Nicholas Bonneau, University of Notre Dame
Carpenter Fellow in Early American Religious Studies/Friends of MCEAS Fellow
“Unspeakable Loss, Distempered Awakenings: North America's Invisible Throat
Distemper Epidemic of 1735–1765”
Nick’s dissertation, “Unspeakable Loss: North America’s Invisible Throat Distemper Epidemic of 1735–1765,” looks at a catastrophic epidemic among children beginning in 1735 Kingston, NH and extending into the pre-revolutionary decade. While the New England throat distemper epidemic never achieved the notoriety acquired by other more notorious diseases of the colonial era, no plague of that period proved more deadly to European settlers, taking the lives of 5,000 children in its first four years alone.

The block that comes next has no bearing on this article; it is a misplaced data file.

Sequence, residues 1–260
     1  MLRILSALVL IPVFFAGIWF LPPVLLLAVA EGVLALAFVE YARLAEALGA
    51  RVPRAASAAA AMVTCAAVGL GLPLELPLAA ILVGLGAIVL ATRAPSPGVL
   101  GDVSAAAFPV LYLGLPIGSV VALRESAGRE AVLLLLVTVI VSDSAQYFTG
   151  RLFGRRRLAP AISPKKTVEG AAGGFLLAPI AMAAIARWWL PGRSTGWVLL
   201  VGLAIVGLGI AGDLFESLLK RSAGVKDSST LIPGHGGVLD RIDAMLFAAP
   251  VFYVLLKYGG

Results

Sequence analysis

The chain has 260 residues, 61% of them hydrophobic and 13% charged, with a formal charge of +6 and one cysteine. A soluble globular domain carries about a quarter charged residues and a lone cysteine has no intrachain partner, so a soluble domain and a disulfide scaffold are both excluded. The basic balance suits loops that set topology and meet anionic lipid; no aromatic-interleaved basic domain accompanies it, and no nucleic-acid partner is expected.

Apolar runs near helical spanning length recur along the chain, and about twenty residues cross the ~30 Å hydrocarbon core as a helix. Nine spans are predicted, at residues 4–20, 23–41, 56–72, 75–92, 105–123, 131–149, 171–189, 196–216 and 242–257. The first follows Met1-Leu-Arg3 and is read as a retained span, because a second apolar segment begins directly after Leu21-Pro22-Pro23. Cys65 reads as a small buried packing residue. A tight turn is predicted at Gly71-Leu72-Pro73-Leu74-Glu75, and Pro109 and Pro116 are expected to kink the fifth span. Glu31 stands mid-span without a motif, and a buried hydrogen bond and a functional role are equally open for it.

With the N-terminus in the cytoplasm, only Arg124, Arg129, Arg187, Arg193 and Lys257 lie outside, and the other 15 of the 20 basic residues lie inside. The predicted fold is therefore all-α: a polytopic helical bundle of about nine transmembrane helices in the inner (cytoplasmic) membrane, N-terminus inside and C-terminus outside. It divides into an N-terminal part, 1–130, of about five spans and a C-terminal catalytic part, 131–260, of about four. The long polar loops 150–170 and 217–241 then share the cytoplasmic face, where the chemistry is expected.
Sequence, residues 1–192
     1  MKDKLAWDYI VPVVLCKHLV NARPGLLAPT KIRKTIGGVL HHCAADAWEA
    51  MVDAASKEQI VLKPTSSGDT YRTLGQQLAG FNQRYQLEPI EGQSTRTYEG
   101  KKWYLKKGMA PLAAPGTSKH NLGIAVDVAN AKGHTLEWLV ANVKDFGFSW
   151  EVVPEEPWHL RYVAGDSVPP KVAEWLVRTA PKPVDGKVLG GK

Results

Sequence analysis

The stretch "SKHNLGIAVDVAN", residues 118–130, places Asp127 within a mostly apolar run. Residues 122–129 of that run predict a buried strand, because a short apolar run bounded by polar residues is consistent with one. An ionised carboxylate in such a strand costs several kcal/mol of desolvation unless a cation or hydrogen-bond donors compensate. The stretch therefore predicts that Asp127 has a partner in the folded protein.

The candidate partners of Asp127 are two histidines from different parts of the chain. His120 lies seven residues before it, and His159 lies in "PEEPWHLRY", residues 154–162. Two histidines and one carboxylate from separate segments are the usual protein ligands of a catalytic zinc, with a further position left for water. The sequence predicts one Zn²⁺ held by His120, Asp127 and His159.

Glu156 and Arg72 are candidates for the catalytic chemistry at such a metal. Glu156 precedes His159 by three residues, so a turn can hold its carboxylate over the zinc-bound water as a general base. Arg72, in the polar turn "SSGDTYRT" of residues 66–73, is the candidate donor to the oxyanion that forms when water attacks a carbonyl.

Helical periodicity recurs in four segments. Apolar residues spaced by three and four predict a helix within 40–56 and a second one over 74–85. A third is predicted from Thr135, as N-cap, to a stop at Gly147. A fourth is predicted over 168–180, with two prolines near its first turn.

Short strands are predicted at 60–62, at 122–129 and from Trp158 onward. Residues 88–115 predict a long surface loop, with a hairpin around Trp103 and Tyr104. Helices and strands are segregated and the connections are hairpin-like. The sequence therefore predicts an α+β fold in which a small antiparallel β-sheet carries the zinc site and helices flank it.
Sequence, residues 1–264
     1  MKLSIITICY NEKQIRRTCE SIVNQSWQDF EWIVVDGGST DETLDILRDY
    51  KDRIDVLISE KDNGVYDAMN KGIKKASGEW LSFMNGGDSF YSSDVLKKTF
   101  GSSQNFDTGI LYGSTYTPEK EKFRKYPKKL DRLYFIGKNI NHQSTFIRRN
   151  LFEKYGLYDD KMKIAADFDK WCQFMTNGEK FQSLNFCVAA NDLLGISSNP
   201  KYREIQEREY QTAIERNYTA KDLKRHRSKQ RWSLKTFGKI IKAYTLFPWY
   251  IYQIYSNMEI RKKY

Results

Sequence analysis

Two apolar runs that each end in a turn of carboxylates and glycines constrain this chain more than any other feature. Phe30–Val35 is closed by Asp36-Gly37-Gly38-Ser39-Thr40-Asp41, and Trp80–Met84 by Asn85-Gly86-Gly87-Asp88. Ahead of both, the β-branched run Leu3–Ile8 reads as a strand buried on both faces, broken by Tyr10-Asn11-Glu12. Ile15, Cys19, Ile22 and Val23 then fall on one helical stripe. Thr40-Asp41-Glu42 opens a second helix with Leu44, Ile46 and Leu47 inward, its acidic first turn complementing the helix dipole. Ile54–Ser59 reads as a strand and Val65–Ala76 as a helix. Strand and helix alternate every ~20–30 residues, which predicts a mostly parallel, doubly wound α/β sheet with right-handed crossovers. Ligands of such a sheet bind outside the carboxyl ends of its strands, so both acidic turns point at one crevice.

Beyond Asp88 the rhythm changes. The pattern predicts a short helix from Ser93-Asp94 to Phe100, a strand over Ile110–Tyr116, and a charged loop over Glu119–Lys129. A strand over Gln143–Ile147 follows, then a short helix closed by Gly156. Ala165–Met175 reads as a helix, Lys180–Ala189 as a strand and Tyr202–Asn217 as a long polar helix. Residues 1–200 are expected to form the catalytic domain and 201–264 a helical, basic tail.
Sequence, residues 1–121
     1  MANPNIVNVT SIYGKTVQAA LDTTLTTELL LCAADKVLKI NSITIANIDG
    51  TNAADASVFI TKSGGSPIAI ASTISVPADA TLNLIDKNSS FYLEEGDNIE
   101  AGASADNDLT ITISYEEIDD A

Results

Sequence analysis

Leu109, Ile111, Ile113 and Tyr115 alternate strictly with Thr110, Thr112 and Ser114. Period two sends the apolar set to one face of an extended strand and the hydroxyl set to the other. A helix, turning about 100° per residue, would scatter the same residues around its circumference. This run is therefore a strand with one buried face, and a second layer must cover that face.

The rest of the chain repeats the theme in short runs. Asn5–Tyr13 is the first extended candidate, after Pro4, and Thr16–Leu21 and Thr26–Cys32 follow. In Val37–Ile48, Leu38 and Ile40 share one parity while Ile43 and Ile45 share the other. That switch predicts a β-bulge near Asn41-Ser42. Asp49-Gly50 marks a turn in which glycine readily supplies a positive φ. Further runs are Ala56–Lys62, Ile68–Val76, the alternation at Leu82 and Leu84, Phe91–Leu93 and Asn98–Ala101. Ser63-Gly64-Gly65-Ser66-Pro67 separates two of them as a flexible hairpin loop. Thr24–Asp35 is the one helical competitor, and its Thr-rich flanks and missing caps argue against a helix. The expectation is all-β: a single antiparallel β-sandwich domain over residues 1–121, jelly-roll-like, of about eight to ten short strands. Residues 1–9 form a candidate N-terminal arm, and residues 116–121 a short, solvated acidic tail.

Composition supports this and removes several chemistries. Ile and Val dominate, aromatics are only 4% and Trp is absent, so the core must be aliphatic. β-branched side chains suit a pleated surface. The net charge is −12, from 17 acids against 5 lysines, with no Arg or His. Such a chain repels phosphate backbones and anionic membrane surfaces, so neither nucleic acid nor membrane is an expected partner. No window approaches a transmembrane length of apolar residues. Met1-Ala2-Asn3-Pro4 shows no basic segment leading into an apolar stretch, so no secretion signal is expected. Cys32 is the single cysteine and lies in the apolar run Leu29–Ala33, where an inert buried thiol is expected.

This project asks why so devastating an event escaped comment by so many contemporaries and past historians, while raising interpretive questions informing our larger views of change, the priority of documentation, and the role of memory. To aid in this research, Nick created the Death Records of Early America Database (DREAD), compiling and organizing mortality information from across the Atlantic World. The quantitative and spatial analysis made possible by this ongoing work promises to illuminate the unique intersection between these biological and social realities and allows new research into the ongoing social and ecological consequences of the Columbian Exchange.